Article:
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Thread: Plumbing Question

  1. #1
    Join Date
    Dec 2006
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    Herndon VA
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    Plumbing Question

    I have a 3 year old WH that has a white crust on the hot side at the male/female coupling between the copper pipe and the brass fitting going into the WH. When the plumbers installed the WH they specifically said that they were using a brass fitting so that there would not be a metalergic reaction between the copper and the galv. steel at the tank fitting.

    It appears the the white crust may be corrosion. What could be causing it? I thought brass was compatible with copper for metallergic reactions. No leaks yet.

    I was going to call the plumbers that did the installation to have them check it out. My guess is all they should have to do is replace the brass fitting.

  2. #2
    Join Date
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    What's a WH?

  3. #3
    water heater I think. Don't have an answer for the crust other than the solder/flux reacting with moist air?

    Worth a shot.

    Wes
    Last edited by Wes Bischel; 12-11-2007 at 12:26 AM.

  4. #4
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    Quote Originally Posted by Wes Bischel View Post
    water heater I think.


    Maybe use a wire brush and take the white off and see if it stays off, or returns. Possible a very fine pin hole allowing calcium in your water to build up?

  5. #5
    Join Date
    Dec 2006
    Location
    Herndon VA
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    Matt - you might be on to something. We do have hard water so this may be a very very very slow leak at the threads.

  6. #6
    Its not corrosion per se, its hard water, or mineral depsits. If it really bothers you sight wise, you can wipe it off easily with CLR, a type of cleaner you can get at any store. Or you can try vinegar. That will clean it up as well. I am not convinced its a leak from what you are saying. It sounds like your water heater is in a basement or wet location possibly? If that is the case, it sounds to me like normal oxidation of brass. White crust often appears on copper or brass fittings if the humidity is pretty high, or other conditions are right. (Where I live, this close to the ocean, my copper roofed cupola got white crust on it pretty quickly...like within a few weeks.)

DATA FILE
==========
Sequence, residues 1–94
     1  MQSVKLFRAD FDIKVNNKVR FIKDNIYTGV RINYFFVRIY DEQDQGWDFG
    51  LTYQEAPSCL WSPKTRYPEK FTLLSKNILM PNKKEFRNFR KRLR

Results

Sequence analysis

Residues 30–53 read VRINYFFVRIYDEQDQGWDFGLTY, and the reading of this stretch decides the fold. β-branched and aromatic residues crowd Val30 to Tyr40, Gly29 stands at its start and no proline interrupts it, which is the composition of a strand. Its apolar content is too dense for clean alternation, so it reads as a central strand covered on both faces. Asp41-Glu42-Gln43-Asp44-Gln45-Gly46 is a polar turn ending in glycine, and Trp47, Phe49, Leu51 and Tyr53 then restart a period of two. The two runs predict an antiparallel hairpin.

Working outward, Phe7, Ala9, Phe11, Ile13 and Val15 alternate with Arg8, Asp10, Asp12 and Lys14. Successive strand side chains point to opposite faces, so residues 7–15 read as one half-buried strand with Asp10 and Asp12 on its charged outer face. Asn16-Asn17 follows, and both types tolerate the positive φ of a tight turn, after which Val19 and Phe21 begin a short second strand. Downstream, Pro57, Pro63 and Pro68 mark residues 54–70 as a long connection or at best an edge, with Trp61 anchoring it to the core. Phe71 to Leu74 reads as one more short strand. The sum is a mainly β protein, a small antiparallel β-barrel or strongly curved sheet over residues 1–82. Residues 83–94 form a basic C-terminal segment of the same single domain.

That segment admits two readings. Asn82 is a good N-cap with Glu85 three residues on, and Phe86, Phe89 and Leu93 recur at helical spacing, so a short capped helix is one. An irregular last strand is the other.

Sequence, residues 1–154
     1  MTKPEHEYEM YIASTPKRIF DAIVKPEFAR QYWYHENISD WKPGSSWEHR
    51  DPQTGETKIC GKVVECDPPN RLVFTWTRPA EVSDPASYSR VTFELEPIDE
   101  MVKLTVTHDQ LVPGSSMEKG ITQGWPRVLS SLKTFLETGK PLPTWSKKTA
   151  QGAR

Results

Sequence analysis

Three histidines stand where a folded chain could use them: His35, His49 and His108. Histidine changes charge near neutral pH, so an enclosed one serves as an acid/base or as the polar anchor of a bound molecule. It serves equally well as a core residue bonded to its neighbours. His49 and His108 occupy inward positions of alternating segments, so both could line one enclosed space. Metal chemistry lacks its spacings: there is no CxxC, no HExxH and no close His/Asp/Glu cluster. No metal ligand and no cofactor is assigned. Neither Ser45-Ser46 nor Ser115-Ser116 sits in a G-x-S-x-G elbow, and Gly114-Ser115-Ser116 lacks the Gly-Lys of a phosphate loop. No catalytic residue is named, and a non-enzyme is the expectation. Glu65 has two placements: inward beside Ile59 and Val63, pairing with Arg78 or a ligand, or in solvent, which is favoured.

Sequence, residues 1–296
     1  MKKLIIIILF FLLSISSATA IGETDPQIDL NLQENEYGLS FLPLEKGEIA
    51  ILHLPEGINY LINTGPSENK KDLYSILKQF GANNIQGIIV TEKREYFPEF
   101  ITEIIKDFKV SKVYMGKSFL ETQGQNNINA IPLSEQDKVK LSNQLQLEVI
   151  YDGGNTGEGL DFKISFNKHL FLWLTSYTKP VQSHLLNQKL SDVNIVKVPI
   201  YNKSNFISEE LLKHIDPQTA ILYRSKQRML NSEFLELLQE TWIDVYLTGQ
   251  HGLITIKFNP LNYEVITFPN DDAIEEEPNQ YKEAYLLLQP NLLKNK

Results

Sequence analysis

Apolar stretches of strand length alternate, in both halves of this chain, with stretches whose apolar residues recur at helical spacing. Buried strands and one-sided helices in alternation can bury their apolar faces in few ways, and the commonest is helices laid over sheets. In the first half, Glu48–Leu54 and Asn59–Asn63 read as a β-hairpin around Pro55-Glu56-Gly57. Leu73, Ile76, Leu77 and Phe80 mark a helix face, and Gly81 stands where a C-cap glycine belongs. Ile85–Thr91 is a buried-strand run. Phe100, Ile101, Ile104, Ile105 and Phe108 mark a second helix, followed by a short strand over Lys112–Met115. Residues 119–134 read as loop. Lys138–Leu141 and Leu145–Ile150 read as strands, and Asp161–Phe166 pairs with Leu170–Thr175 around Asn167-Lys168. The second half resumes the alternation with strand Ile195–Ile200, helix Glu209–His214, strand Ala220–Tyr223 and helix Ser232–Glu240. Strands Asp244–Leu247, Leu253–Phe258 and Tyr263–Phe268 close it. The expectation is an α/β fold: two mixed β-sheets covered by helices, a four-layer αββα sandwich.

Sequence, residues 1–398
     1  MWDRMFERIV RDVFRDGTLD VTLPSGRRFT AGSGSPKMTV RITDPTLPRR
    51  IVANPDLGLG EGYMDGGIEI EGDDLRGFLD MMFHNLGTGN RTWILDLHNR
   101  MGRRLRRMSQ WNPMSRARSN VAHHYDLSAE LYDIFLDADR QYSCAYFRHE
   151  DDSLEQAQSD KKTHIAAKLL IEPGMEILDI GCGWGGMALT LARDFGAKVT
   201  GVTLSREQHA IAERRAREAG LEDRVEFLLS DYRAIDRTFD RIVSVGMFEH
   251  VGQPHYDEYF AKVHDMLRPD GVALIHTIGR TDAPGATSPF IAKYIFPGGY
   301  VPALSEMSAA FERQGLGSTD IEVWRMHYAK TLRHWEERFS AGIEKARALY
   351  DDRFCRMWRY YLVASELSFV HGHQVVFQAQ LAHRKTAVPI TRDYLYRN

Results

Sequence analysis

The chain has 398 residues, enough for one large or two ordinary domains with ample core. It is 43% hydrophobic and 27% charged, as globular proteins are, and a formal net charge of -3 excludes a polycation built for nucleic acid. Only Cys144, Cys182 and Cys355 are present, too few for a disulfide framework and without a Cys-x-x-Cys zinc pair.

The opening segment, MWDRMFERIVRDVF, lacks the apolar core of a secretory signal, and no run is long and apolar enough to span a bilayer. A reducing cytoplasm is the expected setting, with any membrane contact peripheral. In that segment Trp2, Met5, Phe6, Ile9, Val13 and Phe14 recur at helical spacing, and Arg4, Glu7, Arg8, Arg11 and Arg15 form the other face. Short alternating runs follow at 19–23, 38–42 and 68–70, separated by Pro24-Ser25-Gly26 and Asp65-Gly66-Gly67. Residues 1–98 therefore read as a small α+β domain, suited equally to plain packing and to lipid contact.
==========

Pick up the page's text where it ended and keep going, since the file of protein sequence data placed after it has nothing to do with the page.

Of a greater concern however is what that build up is doing inside your tank. I would think you are safe for a few more years but I would pull out the elecrode after 5 years or so and replace it. That mineral deposits will make your electrode less effective and end up costing you more money in electricity to get the same amount of heat into your water. Assuming of course, its an electric hot water heater. If its a propnae or natural gas water heater, you might want to het a burner tech to service it at the 5 year mark, just to keep the crust from causing ineffeciency.

    You can get elecrodes at any Home Depot or any hardware store, and they are very easy to replace. A 5 minute job if you know what you are doing, and maybe a 15 minute job if you are a complete novice. Its really an easy mainetance issue/fix.
    Last edited by Travis Johnson; 12-12-2007 at 12:51 AM.
    I have no intention of traveling from birth to the grave in a manicured and well preserved body; but rather I will skid in sideways, totally beat up, completely worn out, utterly exhausted and jump off my tractor and loudly yell, "Wow, this is what it took to feed a nation!"

  7. #7
    Join Date
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    Travis - great explanation. What's weird is it is only on the hot side and only on one side of the fitting.

    I'll look into replacing the electrode in a couple of years.

  8. #8
    Quote Originally Posted by Mike Gabbay View Post
    Travis - great explanation. What's weird is it is only on the hot side and only on one side of the fitting.

    I'll look into replacing the electrode in a couple of years.
    IMHO, Travis is pretty much dead on with the Often and Necessary maintainance.... Your last statement tends to go back to the leaking problem, if it was a climate related problem then it would be all over and not limited to a single area, so go with the leakage and tighten the fittingor apply the seal. Isn't the WH installed with unions? Or did the plumber install with hard fittings so they have to return to do any adjustments. Also, If it is a leak from "Their" installation, then they should repair at their expense, call and ask. If they are reputable they should correct the problem for you.

  9. #9
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    An update

    The plumber came this morning. He looked at the joint and basically said that it might be a very slow leak. However, since it was more than a year since the installation it would not be under warranty. Surprising right!!! Oh, and to have him replace the fitting would be $250!

    After he left I brushed off the calcification and will see if it redevelops. If it does, I'll replace the fillting and go buy a tool for $250!

    So I should have been a plumber!

  10. #10
    Install a softner just after the water comes into the house. It will pretty much take care of all of the problems that have been discussed. It it is a leak, get it fixed or fix it yourself.

    You will love soft water.

    It will pay for itself in reduced maintenance costs and cleaning product savings, and spousal frustration with cleaning the residue of hard water off surfaces and clothing.

    Just my .02 worth......

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